So, Adventure Comics survived the 1950s. But a new decade was coming: the 1960s. Again the series was forced to reinvent itself to meet the challenges of that new decade. It did just that, becoming one of the prime examples of the Silver-Age era.

The Superboy story in Adventure #247 (April 1958) had introduced a superhero club from the 30th Century called The Legion of Super-Heroes. Superboy joined the group, and the Legion made occasional appearances in Superman-family titles, testing reader reaction.

From #300 (Sept. 1962) to #380 (May, 1969), Adventure Comics became the home of the Legion of Super-Heroes. Superboy's inclusion in the group ensured that the transition would be a smooth one, alienating few readers. These two examples of format changes -- the one in #103 that set the direction for the Fifties and the one in #300 that set the direction for the Sixties -- are examples of a title meeting the challenges of a new era with intelligence, imagination, and a sense of direction, not short-term gimmicks.

The concept of the Legion was among the best DC had offered during the period of 1955-1969 (roughly, the Silver-Age). But times were changing, a new decade was upon us. The Legion may have perhaps been viewed as a somewhat outdated idea by 1969. DC had already radically changed Batman from his 1960s incarnation to a more realistic, darker character. Even the sci-fi antics of the Green Lantern would be brought down to earth courtesy of his anti-hero partner, Green Arrow. Could it have been that the Legion were being viewed as having run their course?

Whatever the reason, it was decided that Supergirl and the Legion would switch places. Supergirl had occupied the back-up slot in Action Comics through the 1960s; now it would be the Legion's turn to play back-up, and Supergirl would get to take over Adventure.

Before getting to Supergirl's Adventure Comics, it may be useful to chart the Legion's health following their expulsion from Adventure, to show how the Legion might have succeeded where Supergirl eventually failed. The Legion sat in the back-up slot of Action Comics from mid-1969 through 1970. What artist handled the Legion back-up strip? None other than Win Mortimer! Mortimer and inker Jack Abel (one of my least favorite inkers) had taken over the Legion art chores from Curt Swan during the Legion's last days in Adventure, and continued chronicling their tales in the Action back-up. No wonder the Legion had been pushed into obscurity! As an example of how a good artist can save a strip, we have only to look at the Legion once it is finally pushed out of Action and into the back-up slot of Superboy's own solo comic. Dave Cockrum begins penciling the Legion back-up in 1972, modernizing some of the members' costumes. Within a year and a half, on Cockrum's clock, the Legion have taken over the lead spot in Superboy's own comic. In mid-1974, Cockrum leaves the Legion to go over to Marvel to revitalize one of their failed strips: the X-Men! Fan interest in the book actually increases when Cockrum leaves because his successor is none other than Mike Grell. Jim Shooter, who had written many memorable Legion scripts in the 1960s, soon returns to the strip. The momentum created by all this keeps the Legion going successfully from then until now (helped along by Giffen's new direction for the 1980s and the Zero Hour reboot directed at 1990s readers).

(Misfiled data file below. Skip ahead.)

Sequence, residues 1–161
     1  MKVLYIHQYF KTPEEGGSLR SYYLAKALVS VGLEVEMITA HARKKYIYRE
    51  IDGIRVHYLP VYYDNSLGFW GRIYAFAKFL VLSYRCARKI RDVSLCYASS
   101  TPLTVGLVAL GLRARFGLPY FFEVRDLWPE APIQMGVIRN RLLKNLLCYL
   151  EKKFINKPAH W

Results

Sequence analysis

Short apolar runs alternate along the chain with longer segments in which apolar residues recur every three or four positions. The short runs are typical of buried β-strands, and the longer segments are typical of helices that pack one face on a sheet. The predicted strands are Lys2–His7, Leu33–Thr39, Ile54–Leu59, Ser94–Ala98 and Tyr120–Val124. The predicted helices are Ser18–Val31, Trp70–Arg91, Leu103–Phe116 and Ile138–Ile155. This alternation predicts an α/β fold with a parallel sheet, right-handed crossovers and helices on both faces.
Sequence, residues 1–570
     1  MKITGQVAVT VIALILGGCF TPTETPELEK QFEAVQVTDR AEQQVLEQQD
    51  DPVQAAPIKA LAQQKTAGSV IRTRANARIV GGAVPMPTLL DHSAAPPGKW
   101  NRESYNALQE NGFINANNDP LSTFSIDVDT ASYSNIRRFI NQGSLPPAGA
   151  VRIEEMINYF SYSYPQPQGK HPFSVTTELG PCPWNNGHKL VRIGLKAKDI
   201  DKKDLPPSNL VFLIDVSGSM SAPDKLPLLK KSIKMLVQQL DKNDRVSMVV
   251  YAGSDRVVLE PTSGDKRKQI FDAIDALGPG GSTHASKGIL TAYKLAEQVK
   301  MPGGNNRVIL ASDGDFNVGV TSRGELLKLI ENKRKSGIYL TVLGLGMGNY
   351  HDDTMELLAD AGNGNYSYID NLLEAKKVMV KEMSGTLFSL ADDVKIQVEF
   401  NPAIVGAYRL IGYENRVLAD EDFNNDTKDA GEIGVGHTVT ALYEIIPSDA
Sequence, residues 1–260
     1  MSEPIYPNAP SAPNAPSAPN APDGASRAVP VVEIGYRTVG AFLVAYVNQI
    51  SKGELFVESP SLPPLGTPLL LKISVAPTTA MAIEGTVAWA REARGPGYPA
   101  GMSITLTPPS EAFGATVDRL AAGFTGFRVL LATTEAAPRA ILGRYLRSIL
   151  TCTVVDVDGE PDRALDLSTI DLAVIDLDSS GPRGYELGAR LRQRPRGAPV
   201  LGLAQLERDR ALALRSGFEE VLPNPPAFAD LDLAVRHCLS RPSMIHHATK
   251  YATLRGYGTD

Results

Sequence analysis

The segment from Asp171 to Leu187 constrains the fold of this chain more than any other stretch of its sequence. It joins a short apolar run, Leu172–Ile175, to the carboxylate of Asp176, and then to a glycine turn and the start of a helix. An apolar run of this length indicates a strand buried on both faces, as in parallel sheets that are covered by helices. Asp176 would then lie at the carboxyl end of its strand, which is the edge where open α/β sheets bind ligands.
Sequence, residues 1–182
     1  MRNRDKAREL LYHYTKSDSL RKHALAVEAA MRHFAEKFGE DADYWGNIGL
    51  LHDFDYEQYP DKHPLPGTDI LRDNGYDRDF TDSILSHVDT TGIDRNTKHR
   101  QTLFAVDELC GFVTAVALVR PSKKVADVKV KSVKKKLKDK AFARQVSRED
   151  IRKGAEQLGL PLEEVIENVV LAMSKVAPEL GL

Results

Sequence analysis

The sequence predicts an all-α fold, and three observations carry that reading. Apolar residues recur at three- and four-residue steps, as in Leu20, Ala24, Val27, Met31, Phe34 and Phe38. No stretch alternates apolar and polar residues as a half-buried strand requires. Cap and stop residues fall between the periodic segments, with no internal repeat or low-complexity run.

Okay, we know now that if the Legion had only stuck it out for a year or two longer in Adventure that Adventure Comics might still be published today. Instead, DC screwed Adventure over. Supergirl started off well, and was in fact a good choice to headline Adventure, but she was finally dropped from the book after 44 issues, an uneven run heavily supported by back-ups, both new and reprinted. She gets her own solo comic instead, but it is cancelled after ten issues. For some reason, Supergirl was not the feature that would lead Adventure through the 1970s.

A new, experimental format is tried with #425. The name of the comic is "Adventure Comics," so why not let it be an anthology of short adventure stories, recalling the Golden-Age, not necessarily superheroes? Realistic characters (all the rage, rememeber) like The Vigilante and Captain Fear are presented, but without a sure-fire hit in the lead spot, the format is abruptly scrapped.

Okay, it wasn't only realistic characters who were the new trend, but darker characters. So, in 1974, The Spectre is brought in as the lead feature with #431. From what I've read, the strip was a bit too dark. The Spectre is dumped after ten issues.